RIO DE JANEIRO—The oil and gas industry was considered conservative when it came to technology changes. However, the need to reduce costs in an era of lower oil price prompted change, delegates were told during the O&G TechWeek Conference in Rio de Janeiro.

During the conference held in late August, executives from major oil, supply and technology companies met to discuss technology trends that can benefit the oil and gas industry.

According to a report from the World Economic Forum, digital transformation in the oil and gas industry could unlock about $1.6 trillion of value for the industry, its customers and wider society. If existing organizational and operational constraints are relaxed and the impact of “futuristic” technologies such as cognitive computing are considered, the amount could rise to about $2.5 trillion.

“There is no room for traditional companies anymore,” said Hugo Repsold, executive director of corporate affairs for Petrobras, adding technology is creating new opportunities and companies that do not shift will be left behind. “There is no digital transformation alone. There is gain [in] efficiency, value, security, reduction in impact on the environment; there is making things better.”

Speaking during a panel on cognitive computing and artificial intelligence, Intel’s Americas General Manager Rachel Mushahwar said the oil and gas industry is entering the fourth revolution, which is based on three factors: physical, digital and biological.

According to Mushahwar, in 2025, 40% of all machines will be intelligent and 50% of human work will be done by cognitive systems.  “Innovation allows for more immediate and better decisions,” she said. “Have you ever thought about what is going to happen in the [oil and gas] industry when those technologies will be fully implemented, for example?”

During the same panel, Marco Meggiolaro, a consultant at Ouro Negro S.A., said robotics projects can be applied in the industry. “The challenge of robotics is to put a robot 3,000 meters deep. Integration among several areas—such as algorithms, systems, logistics and meteorology among others—is fundamental,”  Meggiolaro said.

Libra Field

Talk about technologies to be implemented at the Libra presalt field was a hot topic. Petrobras’ executive manager José Soares Ribeiro talked about how the Brazilian state-owned oil company is working to make the project more efficient. “When there are technological gaps, there is integration with the work of the area of ​​applied technologies,” he said. “Instead of developing technology to look for an application, we identify demands and gaps and search technologies in the market to solve them.”

Soares also said that Libra has a high gas-to-oil ratio of 410 to 450 cm/cm, with a CO2 content of about 45% of the produced gas. This compares to a CO2 content of about 15% in the Lula presalt field. “We are studying to reinject CO2 under the sea avoiding the use of big machinery that consumes a large amount of energy.”

The Petrobras manager added that Libra offers great technological challenges for the subsea segment such as potential increase in riser and flowline diameters, new concepts for risers systems, use of gathering ring and separated lines for gas and water injection and operational issues concerning hydrates and multiple control systems.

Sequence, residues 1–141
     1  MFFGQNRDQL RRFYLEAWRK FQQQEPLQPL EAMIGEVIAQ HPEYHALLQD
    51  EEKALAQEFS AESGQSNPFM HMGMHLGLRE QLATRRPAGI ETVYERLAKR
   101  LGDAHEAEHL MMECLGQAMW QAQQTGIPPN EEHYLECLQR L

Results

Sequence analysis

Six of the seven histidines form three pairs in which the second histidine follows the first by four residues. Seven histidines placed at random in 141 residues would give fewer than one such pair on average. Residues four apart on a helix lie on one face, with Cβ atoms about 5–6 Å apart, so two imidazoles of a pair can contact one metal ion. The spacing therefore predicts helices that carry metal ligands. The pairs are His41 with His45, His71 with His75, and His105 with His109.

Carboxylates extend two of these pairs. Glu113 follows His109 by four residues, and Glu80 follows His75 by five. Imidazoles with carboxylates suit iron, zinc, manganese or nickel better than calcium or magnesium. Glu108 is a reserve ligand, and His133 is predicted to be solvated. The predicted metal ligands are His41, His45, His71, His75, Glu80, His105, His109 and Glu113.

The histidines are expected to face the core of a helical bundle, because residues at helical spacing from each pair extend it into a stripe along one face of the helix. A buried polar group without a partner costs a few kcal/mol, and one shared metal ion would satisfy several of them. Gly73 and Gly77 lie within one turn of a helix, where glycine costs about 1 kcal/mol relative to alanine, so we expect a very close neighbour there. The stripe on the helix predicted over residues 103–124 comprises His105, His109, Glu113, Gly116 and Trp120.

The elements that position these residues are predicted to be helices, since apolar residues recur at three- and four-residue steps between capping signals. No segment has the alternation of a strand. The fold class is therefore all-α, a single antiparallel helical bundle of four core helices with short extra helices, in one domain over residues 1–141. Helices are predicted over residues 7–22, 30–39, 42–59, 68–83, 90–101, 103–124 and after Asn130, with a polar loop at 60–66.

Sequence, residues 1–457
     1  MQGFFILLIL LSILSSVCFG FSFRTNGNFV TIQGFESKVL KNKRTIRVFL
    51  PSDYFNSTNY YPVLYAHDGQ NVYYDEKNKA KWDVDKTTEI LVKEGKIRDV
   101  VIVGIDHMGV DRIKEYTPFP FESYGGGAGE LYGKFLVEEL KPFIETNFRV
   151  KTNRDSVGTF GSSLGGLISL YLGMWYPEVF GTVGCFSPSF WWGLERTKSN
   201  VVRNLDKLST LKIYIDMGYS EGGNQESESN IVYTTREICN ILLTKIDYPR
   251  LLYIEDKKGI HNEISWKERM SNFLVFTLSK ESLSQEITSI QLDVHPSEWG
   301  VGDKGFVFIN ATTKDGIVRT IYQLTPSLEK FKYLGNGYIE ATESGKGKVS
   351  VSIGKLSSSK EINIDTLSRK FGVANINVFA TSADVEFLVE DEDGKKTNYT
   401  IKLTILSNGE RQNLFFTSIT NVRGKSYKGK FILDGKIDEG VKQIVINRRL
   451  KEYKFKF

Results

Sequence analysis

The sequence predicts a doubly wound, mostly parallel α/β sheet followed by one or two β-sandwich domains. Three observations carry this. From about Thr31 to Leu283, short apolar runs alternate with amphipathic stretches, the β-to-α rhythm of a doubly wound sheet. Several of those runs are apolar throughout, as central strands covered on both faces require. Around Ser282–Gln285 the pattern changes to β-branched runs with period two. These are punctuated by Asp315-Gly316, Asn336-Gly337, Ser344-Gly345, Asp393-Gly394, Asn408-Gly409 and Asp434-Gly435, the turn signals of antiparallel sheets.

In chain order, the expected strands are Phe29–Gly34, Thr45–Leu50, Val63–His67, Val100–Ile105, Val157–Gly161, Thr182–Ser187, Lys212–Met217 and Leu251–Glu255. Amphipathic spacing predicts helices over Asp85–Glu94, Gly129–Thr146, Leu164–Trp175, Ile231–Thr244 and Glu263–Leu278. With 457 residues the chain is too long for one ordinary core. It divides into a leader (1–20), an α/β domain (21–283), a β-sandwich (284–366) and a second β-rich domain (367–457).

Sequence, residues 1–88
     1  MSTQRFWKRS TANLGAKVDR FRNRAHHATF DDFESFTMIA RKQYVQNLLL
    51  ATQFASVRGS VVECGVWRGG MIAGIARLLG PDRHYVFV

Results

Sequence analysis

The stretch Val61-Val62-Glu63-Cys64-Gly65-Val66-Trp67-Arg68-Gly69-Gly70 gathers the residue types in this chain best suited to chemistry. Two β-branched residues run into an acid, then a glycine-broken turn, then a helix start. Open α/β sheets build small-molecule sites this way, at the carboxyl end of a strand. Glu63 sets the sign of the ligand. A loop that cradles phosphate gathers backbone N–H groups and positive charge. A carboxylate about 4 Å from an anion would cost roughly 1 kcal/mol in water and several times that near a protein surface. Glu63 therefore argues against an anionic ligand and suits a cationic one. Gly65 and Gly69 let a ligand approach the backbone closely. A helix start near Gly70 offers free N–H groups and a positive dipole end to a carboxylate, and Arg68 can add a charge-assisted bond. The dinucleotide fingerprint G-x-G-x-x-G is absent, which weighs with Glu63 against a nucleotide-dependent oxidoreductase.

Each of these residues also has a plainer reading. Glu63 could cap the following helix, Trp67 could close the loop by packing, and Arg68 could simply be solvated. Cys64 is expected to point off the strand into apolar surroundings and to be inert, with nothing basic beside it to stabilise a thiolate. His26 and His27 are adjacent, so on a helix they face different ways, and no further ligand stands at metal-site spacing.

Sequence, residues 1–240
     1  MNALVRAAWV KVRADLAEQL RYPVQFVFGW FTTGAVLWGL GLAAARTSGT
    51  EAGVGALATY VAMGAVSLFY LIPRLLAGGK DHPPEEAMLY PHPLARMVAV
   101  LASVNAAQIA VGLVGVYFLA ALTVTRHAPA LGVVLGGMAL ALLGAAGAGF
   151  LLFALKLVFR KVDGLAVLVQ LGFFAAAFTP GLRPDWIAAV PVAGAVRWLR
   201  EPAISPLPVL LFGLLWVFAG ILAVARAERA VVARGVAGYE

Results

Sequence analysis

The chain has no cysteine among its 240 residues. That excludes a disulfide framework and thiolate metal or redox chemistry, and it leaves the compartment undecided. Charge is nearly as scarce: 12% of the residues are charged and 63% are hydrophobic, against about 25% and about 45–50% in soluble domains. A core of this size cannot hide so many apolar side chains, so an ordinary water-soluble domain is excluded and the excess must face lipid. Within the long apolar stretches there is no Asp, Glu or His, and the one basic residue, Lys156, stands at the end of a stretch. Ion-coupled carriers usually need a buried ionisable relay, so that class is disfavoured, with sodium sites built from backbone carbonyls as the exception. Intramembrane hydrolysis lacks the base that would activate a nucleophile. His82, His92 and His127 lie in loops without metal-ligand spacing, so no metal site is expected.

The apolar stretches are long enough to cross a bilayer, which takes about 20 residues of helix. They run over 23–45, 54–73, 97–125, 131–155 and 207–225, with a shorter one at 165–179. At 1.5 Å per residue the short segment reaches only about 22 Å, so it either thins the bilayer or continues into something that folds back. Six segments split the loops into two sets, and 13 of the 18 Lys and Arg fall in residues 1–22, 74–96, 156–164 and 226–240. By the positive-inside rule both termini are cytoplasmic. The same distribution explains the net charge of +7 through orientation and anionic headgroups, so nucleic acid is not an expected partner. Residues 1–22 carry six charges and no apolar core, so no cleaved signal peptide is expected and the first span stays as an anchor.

Getting Ready

In a panel featuring CEOs talking about how their companies are being preparing themselves for the future, Aker Solutions Brazil Head of Strategy and Marketing Ricardo Serafim and BP Brasil CEO Adriano Bastos talked about their companies’ technology strategies.

“For decades, Aker Solutions has been developing technology to reduce opex,” Serafim said. “In 2015, we delivered the world’s first subsea compression system to the Åsgard Field, which has become a proven technology project that aims to maximize the economic return and production life of a field.”

The Aker executive said the company is positioned to develop intelligent equipment as it works to reduce E&P costs. “We are studying the creation of smart pipes and intelligent technology of well stimulation,” he said.

Serafim believes that creating nontraditional systems, bringing electronics and robotics concepts to subsea systems, will make lighter and easier-to-operate equipment and, as a result, lower costs. “The oil and gas industry needs to connect these technologies to the digital world. Despite the great innovations, many of the activities in the oil and gas sector are still the same as those of 30 years ago,” he said.

For BP Brasil CEO Adriano Bastos, the fourth industrial revolution has already come and the oil and gas industry is aware of the challenges ahead.

“We are investing heavily in HPC [high-performance computing] as part of the company’s strategy and this digitization process is already changing our demand for equipment and services,” he said.

Bastos cited the development of shale gas as an example to be followed by the offshore industry. “The shale industry has had great technological development in the last decade and the offshore industry can learn a lot from it.”